Protecting information with protective markings must be controlled and handled correctly to keep it secure. Follow these requirements to ensure your agency complies with Protective Security Requirements (PSR) for information security.
These requirements apply to:
- all government information (with or without security classifications)
- outsourcing or offshoring your information handling or storage to third-parties, such as cloud service providers.
Levels of protection for protectively-marked information and equipment increase in line with their security classifications. The higher the security classification, the greater the need for protection.
The following requirements will help you to protect government information in line with the relevant security classification.
This section defines the minimum control and handling requirements. Agencies may apply greater security measures to certain classified information should they deem it appropriate based on the risks that the organisation faces. Refer to the agency’s classification and information security policies and procedures for the specific handling requirements for the environment.
Types of security measures for protecting government information
Security measures used to protect government information include:
- Procedural measures that restrict who can access and what can be done with government information and equipment, such as organisational policies, processes, and procedures.
- Physical measures that control access to areas where government information is stored or used, such as physical barriers, safes, and cabinetry.
- Technical measures that help to protect government information, such as security access control systems, firewalls, and encryption.
Agencies must consider the following minimum security requirements when defining their classification policy and procedures and designing their protective security measures.
General classified information security measures
Creating a registration system
Your agency must have a system for controlling and handling government and protectively-marked information.
For each document or file, your registration system needs to detail:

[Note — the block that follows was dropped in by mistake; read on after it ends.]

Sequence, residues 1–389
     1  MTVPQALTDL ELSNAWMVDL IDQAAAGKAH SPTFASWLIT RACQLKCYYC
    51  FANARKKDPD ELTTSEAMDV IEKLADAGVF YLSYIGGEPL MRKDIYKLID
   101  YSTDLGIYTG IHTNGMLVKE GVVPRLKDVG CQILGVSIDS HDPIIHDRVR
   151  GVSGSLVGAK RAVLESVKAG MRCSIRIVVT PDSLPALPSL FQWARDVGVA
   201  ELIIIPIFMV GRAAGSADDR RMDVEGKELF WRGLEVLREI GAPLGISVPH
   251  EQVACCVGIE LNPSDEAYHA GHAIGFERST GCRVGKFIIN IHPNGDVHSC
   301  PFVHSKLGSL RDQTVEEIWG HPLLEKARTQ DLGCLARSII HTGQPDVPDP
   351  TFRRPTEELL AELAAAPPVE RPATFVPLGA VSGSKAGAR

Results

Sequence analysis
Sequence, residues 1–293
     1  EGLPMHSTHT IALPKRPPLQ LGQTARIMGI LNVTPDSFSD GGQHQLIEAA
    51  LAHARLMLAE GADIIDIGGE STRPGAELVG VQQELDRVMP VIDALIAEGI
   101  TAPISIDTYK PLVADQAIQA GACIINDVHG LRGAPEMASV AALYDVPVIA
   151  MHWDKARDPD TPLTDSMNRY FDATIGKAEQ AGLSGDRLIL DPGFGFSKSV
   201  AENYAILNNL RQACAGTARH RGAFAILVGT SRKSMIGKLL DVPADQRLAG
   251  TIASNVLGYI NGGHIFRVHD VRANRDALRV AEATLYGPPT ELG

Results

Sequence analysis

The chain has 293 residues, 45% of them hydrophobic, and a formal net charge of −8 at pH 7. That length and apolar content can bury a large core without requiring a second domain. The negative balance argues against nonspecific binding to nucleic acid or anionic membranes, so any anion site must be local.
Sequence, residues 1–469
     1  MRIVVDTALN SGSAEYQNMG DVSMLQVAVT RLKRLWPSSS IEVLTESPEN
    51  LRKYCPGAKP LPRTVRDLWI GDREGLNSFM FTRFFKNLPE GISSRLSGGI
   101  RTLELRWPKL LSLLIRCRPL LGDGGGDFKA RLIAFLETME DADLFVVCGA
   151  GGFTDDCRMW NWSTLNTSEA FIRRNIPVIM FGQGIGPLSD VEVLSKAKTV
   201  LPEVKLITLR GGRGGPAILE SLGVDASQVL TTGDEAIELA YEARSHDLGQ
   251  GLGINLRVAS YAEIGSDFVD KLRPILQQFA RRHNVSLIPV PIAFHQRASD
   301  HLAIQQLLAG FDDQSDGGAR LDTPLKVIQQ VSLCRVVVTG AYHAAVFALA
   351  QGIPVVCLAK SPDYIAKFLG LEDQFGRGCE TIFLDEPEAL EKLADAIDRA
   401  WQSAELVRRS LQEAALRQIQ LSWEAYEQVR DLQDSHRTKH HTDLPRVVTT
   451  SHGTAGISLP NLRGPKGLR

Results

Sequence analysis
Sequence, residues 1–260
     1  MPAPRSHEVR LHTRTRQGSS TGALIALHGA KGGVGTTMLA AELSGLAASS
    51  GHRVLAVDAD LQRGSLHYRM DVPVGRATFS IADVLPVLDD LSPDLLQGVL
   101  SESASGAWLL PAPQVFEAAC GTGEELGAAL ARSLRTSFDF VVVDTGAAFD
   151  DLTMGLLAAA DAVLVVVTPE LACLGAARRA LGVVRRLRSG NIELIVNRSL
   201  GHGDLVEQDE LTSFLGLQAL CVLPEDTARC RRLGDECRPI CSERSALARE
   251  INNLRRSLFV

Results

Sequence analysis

- when it was created
- where it is stored
- when it will be destroyed.
To register media, follow the requirements in the New Zealand Information Security Manual (NZISM) – 13.2.14 Registering Media.
Maintaining a Classified Document Register
You must maintain a Classified Document Register (CDR) for all TOP SECRET and ACCOUNTABLE MATERIAL produced or received within your agency.
The CDR should include details of the documents received and all retained copies.
It’s good practice to maintain a register for SECRET information. You can also use CDRs for documents with lower classifications when necessary for risk mitigation.
With due care, your CDR should rarely need to be protectively marked. When it is necessary, mark your CDR on its own merits — not according to the protective markings of the documents it records (unless the title of a document in your CDR is protectively marked, which should be rare).
If the volume of correspondence justifies it, use separate registers for each security classification and inwards and outwards correspondence.
Your agency must develop a system for auditing hardcopy information that has protective markings. Audit requirements for ICT systems and equipment are defined in the NZISM.
Using a receipt process to increase security
Consider having a receipt process for when protectively-marked information or equipment is delivered to your agency. The benefits include being able to:
- provide confirmation that information has been delivered
- trace the movement of protected information
- ensure the recipient takes responsibility for protecting the information.
Any type of receipt mechanism is suitable, as long as it identifies the document either by reference number or title.
A reference number is often easier than a title, as the title of a document may describe the content of a protectively-marked document or, in limited cases, contain a word such as ‘secret’ or ‘confidential’.
Specify a period on the receipt (for example, 7 days) in which the recipient must sign and returned the receipt.
Confirm you’ve received all expected receipt returns within a month of their due date.
Spot-checking information marked ‘Top secret’ and ‘accountable material’
At irregular intervals, conduct or arrange a spot check of a small sample of TOP SECRET and ACCOUNTABLE MATERIAL to ensure it’s accounted for, and being handled and stored correctly. The manager responsible for the information should take charge of conducting or arranging spot checks.
Your agency should also conduct spot checks on 5 percent of TOP SECRET and ACCOUNTABLE MATERIAL per month.
All (100 percent) of your TOP SECRET and ACCOUNTABLE MATERIAL files must be checked within every two-year period.
Recording spot checks
Maintain a record of your spot checks. It is good practice to conduct a similar spot check of other protectively-marked files at irregular intervals.
The manager should report any discrepancies to the Chief Security Officer (CSO), Chief Information Security Officer (CISO), or other appropriate authority for investigation. Examples of other authorities that might be appropriate are the Privacy Commissioner, Ombudsman, National Cyber Security Centre (NCSC), or Cert NZ.
Go to the Management protocol for information security for more about managing information security incidents.
Page last modified: 20/06/2022